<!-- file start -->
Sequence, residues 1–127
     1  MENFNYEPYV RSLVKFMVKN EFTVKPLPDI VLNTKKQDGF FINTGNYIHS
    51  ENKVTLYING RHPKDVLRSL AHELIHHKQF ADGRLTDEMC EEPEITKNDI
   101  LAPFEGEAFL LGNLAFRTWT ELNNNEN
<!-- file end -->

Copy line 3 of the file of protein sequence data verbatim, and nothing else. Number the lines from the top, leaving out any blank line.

    51  ENKVTLYING RHPKDVLRSL AHELIHHKQF ADGRLTDEMC EEPEITKNDI